October 2018 is turning out to be a lot like October 2008. The S&P 500 has now fallen for 12 of the last 14 trading days, and it is on pace for its worst October since the last financial crisis. But the U.S. is actually in much better shape than the rest of the world at this point. Even though they have fallen precipitously in recent days, U.S. stocks are still up 3 percent for the year overall. On the other hand, global stocks (excluding the U.S.) are now down more than 10 percent for the year, and they are down more than 15 percent from the peak of the market in January. All it is going to take is a couple more really bad trading sessions to push global stocks into bear market territory.
And even though U.S. stocks are still outperforming the rest of the world, many are anticipating that the U.S. is definitely heading for a bear market as well.
According to Bank of America, 14 out of their 19 “bear market indicators” have now been triggered…
“Expect a long bout of volatility,” Bank of America strategists led by Savita Subramanian wrote in a report published on Sunday.
Bank of America keeps a running tally of “signposts” that signal looming bear market. The bad news is that 14 of these 19 indicators, or 74%, have been triggered. Two more were toppled earlier this month: the VIX volatility index (VIX) climbed above 20 and a growing number of Americans expect stocks to go up.
Of course not all 19 indicators need to be triggered in order for a bear market to happen. These indicators are simply signposts, and what they are telling us is that big trouble could be brewing for the financial markets.
And Tuesday was certainly another chaotic day for Wall Street. The Russell 2000 experienced another extremely disappointing day, and it is now officially red for the year…
Small-cap stocks erased all of their gains for the year on Tuesday, and the Dow Jones Industrial Average at one point was not be too far behind.
The Russell 2000, composed of publicly traded companies with a market capitalization between $300 million and about $2 billion, shed 0.8 percent on Tuesday, putting it into the red for 2018, down 0.6 percent.
The number of stocks that are at 52-week lows far outnumbers those that are at 52-week highs, but a handful of big name stocks has been keeping the market from plummeting too dramatically.
In the short-term, we should expect some more wild swings up and down, but meanwhile we continue to receive more troubling news about the real economy.
For example, we recently learned that existing home sales were down once again last month…
The metric of interest today is existing home sales. The reading came in at 5.15m units, which was well below the estimated 5.3m units and 4.1% below year ago levels. As the chart below shows, existing home sales have been falling all year long, and year-over-year growth rates have been mostly negative since September, 2017.
And auto sales are way down all over the country…
A growing number of auto dealers around the country is seeing a noticeable drop in retail sales and customer traffic in showrooms, raising the possibility that a long-anticipated slowdown in auto sales has arrived.
“We are definitely seeing business pull back,” said Scott Adams, the owner of a Toyota dealership in Lee’s Summit, Missouri, just outside Kansas City. “September was off some, but this month our car sales are down 12 percent and our truck sales are down 23 percent.”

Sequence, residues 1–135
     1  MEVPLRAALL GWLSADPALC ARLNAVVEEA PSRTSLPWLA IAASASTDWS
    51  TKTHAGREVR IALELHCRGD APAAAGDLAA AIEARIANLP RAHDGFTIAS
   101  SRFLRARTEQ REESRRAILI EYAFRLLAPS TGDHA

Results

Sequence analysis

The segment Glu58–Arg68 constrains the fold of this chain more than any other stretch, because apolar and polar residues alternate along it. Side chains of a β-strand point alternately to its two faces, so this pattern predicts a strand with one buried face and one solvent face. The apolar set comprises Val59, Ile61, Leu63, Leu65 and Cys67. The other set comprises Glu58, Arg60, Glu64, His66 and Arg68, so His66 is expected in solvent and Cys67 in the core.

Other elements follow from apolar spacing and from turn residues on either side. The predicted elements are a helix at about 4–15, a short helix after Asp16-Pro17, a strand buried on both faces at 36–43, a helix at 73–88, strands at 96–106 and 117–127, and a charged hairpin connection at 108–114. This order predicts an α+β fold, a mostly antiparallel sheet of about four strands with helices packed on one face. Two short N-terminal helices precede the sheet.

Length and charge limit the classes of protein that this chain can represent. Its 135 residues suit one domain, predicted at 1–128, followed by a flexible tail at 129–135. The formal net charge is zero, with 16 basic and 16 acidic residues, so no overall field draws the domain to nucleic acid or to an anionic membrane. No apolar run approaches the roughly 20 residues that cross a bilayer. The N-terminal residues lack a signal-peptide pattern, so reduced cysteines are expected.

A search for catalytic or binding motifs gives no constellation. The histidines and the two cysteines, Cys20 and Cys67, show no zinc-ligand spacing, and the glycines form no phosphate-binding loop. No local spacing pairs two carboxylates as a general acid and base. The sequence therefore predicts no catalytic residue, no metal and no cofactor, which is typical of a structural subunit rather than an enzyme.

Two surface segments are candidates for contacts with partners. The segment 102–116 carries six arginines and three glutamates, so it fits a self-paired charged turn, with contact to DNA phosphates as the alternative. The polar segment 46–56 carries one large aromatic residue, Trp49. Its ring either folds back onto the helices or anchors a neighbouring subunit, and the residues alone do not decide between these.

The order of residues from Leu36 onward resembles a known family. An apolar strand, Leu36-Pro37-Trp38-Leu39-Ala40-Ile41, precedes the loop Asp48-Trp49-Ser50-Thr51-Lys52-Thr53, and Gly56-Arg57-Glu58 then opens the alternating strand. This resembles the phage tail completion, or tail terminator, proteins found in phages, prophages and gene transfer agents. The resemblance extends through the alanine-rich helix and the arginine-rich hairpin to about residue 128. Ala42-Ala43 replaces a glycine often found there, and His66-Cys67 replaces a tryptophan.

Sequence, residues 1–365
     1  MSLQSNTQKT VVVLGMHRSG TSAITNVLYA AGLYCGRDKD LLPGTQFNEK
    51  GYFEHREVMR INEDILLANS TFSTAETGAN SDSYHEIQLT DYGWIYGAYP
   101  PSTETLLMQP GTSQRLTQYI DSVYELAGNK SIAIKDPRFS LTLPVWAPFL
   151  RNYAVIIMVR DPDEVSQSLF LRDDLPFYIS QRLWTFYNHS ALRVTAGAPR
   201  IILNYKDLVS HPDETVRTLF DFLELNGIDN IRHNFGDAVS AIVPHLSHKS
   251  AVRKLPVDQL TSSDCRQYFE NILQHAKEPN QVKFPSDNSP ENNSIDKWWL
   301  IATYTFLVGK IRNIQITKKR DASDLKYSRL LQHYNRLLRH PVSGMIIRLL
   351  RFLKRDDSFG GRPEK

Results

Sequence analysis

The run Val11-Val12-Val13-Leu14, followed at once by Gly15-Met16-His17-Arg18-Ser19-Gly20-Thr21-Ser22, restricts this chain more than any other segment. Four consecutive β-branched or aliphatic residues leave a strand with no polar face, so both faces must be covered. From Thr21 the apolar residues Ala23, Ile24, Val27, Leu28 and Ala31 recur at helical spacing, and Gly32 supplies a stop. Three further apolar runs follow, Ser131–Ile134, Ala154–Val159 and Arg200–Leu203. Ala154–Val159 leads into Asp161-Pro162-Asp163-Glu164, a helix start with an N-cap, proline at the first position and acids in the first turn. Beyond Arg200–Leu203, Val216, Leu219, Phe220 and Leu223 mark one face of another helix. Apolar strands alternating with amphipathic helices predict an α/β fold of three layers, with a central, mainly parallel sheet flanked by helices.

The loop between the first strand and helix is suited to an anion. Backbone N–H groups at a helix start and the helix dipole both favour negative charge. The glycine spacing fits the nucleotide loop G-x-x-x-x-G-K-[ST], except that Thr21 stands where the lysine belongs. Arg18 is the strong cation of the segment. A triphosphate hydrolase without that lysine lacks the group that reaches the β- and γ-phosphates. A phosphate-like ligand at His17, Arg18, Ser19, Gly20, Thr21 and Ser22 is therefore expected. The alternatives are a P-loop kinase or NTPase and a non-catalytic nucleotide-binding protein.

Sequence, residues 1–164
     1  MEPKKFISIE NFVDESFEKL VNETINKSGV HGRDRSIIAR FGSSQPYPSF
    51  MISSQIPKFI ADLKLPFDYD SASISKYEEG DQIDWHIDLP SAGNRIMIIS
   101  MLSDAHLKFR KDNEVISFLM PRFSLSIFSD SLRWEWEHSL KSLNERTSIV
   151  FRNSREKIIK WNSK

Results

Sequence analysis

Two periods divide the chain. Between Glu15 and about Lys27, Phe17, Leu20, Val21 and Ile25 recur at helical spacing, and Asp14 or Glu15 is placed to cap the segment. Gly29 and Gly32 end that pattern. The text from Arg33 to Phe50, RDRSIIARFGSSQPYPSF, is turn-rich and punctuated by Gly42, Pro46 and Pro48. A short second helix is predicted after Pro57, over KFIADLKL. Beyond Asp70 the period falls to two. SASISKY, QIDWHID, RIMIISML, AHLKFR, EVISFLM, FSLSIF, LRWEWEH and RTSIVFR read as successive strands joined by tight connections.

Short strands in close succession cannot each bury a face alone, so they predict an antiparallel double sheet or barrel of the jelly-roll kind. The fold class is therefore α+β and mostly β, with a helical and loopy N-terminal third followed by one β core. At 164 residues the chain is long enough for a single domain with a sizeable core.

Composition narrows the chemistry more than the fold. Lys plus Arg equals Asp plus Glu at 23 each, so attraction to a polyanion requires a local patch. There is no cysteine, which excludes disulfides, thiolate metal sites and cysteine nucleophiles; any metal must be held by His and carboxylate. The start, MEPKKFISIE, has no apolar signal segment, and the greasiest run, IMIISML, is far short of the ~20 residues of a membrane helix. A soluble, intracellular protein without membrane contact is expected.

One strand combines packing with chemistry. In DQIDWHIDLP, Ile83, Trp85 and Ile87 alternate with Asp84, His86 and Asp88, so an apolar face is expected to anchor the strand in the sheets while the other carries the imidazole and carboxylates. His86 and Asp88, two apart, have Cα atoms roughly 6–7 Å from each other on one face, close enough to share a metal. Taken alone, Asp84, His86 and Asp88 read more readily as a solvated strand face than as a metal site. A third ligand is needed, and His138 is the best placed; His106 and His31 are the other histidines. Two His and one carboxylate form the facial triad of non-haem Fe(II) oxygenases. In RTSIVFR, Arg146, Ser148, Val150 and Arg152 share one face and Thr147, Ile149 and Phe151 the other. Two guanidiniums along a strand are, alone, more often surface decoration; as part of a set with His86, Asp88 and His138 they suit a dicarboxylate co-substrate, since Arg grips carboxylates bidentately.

These things would not be happening if the economy was in good shape.
Every time the Federal Reserve goes through an interest rate hiking cycle it causes big problems for the economy, and this is something that President Trump alluded to during an interview with the Wall Street Journal…
In an interview Tuesday with The Wall Street Journal, Mr. Trump acknowledged the independence the Fed has long enjoyed in setting economic policy, while also making clear he was intentionally sending a direct message to Mr. Powell that he wanted lower interest rates.
“Every time we do something great, he raises the interest rates,” Mr. Trump said, adding that Mr. Powell “almost looks like he’s happy raising interest rates.” The president declined to elaborate, and a spokeswoman for the Fed declined to comment.
No matter what President Trump does, disaster is inevitable if the Federal Reserve continues to raise rates. The Federal Reserve has far more control over the economy than Trump does, and that is why many of his supporters are hoping that Trump adopts Ron Paul’s “End the Fed” message for the 2020 presidential campaign.
Speaking of the Federal Reserve, former Fed chair Paul Volcker is saying that the U.S. is facing “a hell of a mess”…
Former Federal Reserve Chairman Paul Volcker, who has reached legend status in the world of central banking, isn’t optimistic about current conditions.
When Volcker looks around now, he sees “a hell of a mess in every direction,” including a lack of basic respect for government institutions, a current Fed that seems to be following a completely arbitrary benchmark and a “swamp” in Washington run by plutocrats.
Without a doubt, it is most definitely true that we are facing “a hell of a mess”, but most Americans are entirely clueless about what is coming.
In the aftermath of the 2008 crisis, the economy stabilized and global central banks were able to inflate the biggest financial bubble in human history.
Once this bubble bursts, there won’t be a similar “recovery” this time around.
Along with the rest of the world, the U.S. is headed for an unprecedented period of chaos and pain. We should be thankful for each day of relative stability that we are still able to enjoy, because time is rapidly running out.
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